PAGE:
New York

10 June 2009

Secretary-General's remarks to High-Level Special Session of the Peacebuilding Commission on Sierra Leone

Excellency President Koroma,

Honorable Ministers,

Distinguished Delegates,


Ladies and Gentlemen,

It is a pleasure to take part in this High-Level Special Session on Sierra Leone.

I salute His Excellency President Koroma on his personal leadership and commitment, as well as his engagement with the Peacebuilding Commission at this critical moment for Sierra Leone. We have just listened to President Koroma's inspiring vision Agenda for Change and I wish him every success. The United Nations and the Peacebuilding Commission will stand behind his noble efforts.

I also warmly welcome the delegation of the Government of Sierra Leone, led by Her Excellency the Foreign Minister. I note that the delegation includes representatives of political parties, civil society and beyond. This is a true reflection of national unity.

And I congratulate the people and the Government of Sierra Leone and the Peacebuilding Commission on your impressive partnership over the past three years.

Since the end of its civil war, Sierra Leone has made remarkable progress.

The state has restored its authority throughout the country.

National security institutions have been reformed and restructured.

75,000 ex-combatants have been disarmed and demobilized.

More than half a million refugees and internally displaced persons have returned voluntarily.

And the country has held peaceful and democratic national and local elections.

The United Nations has played an important role in supporting Sierra Leone's efforts at making, keeping and building peace. We draw a sense of pride from Sierra Leone's achievements.

However, despite impressive gains, the situation remains fragile.

The outbreak of political violence in March of this year was a wake-up call on challenges that require urgent and continued attention. It also reminded us of the importance of sustained global support.

I commend President Koroma, government and opposition leaders and ordinary Sierra Leoneans for rising above differences and overcoming the recent crisis.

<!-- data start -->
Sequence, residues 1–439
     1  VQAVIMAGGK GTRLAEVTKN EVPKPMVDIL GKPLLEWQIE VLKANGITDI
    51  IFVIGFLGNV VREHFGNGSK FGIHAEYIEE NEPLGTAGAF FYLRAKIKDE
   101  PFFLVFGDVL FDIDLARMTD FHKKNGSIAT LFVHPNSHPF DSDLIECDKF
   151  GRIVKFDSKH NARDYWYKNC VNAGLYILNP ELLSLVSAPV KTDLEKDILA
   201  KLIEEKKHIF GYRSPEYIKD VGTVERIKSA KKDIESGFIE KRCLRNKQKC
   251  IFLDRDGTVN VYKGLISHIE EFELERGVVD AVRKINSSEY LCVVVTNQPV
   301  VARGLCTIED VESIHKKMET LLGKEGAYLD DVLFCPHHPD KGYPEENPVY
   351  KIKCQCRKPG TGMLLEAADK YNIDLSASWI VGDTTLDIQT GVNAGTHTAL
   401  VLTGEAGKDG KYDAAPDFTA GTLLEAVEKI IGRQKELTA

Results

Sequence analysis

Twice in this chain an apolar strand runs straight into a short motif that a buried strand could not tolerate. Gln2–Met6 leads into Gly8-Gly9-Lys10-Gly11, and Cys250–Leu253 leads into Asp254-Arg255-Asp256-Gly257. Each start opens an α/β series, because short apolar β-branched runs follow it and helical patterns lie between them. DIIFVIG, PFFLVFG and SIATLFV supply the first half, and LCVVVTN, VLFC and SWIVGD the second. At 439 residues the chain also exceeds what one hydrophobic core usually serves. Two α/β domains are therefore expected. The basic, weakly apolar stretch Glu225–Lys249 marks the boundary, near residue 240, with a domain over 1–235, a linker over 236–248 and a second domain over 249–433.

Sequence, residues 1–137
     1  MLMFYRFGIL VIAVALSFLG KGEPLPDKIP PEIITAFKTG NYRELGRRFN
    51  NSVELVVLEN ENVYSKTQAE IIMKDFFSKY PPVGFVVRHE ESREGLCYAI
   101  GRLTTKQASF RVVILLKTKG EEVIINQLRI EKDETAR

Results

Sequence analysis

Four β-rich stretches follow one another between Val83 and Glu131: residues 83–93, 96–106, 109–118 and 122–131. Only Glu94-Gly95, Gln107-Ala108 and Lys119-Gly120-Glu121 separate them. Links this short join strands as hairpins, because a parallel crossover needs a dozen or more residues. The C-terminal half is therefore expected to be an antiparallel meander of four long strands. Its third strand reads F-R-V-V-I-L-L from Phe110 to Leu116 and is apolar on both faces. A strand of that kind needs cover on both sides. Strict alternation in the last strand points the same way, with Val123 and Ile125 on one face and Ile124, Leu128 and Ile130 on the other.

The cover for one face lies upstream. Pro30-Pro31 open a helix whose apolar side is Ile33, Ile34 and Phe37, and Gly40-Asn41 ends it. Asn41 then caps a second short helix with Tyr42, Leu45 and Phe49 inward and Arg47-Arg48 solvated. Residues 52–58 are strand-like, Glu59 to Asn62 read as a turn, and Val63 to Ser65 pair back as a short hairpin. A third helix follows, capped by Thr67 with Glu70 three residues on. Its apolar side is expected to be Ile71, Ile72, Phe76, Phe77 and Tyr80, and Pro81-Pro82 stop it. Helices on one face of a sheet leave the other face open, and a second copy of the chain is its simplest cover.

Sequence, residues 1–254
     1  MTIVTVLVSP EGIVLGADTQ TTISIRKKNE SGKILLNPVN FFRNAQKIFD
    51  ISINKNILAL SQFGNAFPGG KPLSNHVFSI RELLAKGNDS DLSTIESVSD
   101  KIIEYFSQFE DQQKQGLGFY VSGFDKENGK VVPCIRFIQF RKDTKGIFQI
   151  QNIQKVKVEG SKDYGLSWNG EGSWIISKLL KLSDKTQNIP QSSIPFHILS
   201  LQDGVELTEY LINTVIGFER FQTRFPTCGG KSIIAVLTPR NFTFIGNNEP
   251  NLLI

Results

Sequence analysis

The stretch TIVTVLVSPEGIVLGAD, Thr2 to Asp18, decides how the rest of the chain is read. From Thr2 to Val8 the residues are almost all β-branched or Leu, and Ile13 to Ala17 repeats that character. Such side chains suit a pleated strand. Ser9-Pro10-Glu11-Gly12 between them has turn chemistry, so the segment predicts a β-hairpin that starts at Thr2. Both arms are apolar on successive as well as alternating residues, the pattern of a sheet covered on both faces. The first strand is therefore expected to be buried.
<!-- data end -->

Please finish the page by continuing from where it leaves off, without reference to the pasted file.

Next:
The adoption of the Political Parties' Joint Communiqué has renewed hope in Sierra Leone's journey toward peace and prosperity.

It has also set an example for other countries in the sub-region experiencing similar political disturbances.

International partners provided critical and timely support in this effort, including the United Nations Integrated Peacebuilding Office in Sierra Leone.

The United Nations stands ready to continue to help in implementing the Communiqué, including through emergency resources from the Peacebuilding Fund. The Fund recently approved $1.8 million to support inter-party dialogue and strengthen the capacity of Sierra Leone's police.

Mr. Chairperson,

Seven years after the end of the civil war, the people of Sierra Leone expect to see tangible improvements in their lives and in their country's welfare. They want peace, prosperity and a brighter future for their children.

In short, they want to see and feel the dividends of peace.

The Government of Sierra Leone has made a clear commitment to deliver.

The Agenda for Change before you today represents an ambitious blueprint for reform, progress and development.

Fulfilling its commitments requires teamwork and a sense of national cohesion and unity.

It also requires continued support from the international community, including the United Nations.

Together, we must make further progress in addressing the root causes of conflict, strengthening democratic institutions and promoting economic and social development.

The Peacebuilding Commission was created specifically to help meet such challenges.

I look forward to Sierra Leone's continued cooperation with the Commission.

I also welcome the development of the United Nations Joint Vision in support of the Agenda for Change, and encourage all members of the Peacebuilding Commission to provide the necessary resources and support for its implementation. The development of the Vision, as well as the design and mandate of UNIPSIL as the first ever integrated peacebuilding office, are important innovations in the way the United Nations supports national peacebuilding efforts.

In conclusion, I reaffirm the support of the United Nations for peace, stability, and social progress in Sierra Leone.

We recognize that these challenges are closely linked to developments in the sub-region. As such, we will also continue to support the strengthening of sub-regional cooperation and institutions such as ECOWAS and the Mano River Union.

I wish you much success in your deliberations and look forward to the outcomes of this important event.

Thank you.